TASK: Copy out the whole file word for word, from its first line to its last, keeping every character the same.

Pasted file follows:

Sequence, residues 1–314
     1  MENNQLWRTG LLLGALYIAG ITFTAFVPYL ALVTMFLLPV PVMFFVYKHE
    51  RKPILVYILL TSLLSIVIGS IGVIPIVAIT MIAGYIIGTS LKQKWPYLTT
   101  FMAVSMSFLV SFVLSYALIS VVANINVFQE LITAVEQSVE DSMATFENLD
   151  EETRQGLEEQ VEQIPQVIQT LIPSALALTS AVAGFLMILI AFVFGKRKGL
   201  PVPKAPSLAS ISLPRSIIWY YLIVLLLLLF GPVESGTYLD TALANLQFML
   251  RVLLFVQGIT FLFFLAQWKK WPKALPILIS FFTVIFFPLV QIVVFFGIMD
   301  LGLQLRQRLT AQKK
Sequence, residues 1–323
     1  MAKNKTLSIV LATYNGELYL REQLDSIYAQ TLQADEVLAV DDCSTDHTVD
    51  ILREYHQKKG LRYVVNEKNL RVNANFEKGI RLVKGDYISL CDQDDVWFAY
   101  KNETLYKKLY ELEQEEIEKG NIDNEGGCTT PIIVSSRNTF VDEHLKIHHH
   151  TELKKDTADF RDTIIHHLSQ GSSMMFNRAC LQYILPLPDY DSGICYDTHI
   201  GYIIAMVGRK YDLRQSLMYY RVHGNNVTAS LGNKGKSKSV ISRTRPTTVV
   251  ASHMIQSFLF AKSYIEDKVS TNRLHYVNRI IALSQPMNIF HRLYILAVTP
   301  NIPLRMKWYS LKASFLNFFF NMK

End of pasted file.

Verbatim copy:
Sequence, residues 1–314
     1  MENNQLWRTG LLLGALYIAG ITFTAFVPYL ALVTMFLLPV PVMFFVYKHE
    51  RKPILVYILL TSLLSIVIGS IGVIPIVAIT MIAGYIIGTS LKQKWPYLTT
   101  FMAVSMSFLV SFVLSYALIS VVANINVFQE LITAVEQSVE DSMATFENLD
   151  EETRQGLEEQ VEQIPQVIQT LIPSALALTS AVAGFLMILI AFVFGKRKGL
   201  PVPKAPSLAS ISLPRSIIWY YLIVLLLLLF GPVESGTYLD TALANLQFML
   251  RVLLFVQGIT FLFFLAQWKK WPKALPILIS FFTVIFFPLV QIVVFFGIMD
   301  LGLQLRQRLT AQKK
Sequence, residues 1–323
     1  MAKNKTLSIV LATYNGELYL REQLDSIYAQ TLQADEVLAV DDCSTDHTVD
    51  ILREYHQKKG LRYVVNEKNL RVNANFEKGI RLVKGDYISL CDQDDVWFAY
   101  KNETLYKKLY ELEQEEIEKG NIDNEGGCTT PIIVSSRNTF VDEHLKIHHH
   151  TELKKDTADF RDTIIHHLSQ GSSMMFNRAC LQYILPLPDY DSGICYDTHI
   201  GYIIAMVGRK YDLRQSLMYY RVHGNNVTAS LGNKGKSKSV ISRTRPTTVV
   251  ASHMIQSFLF AKSYIEDKVS TNRLHYVNRI IALSQPMNIF HRLYILAVTP
   301  NIPLRMKWYS LKASFLNFFF NMK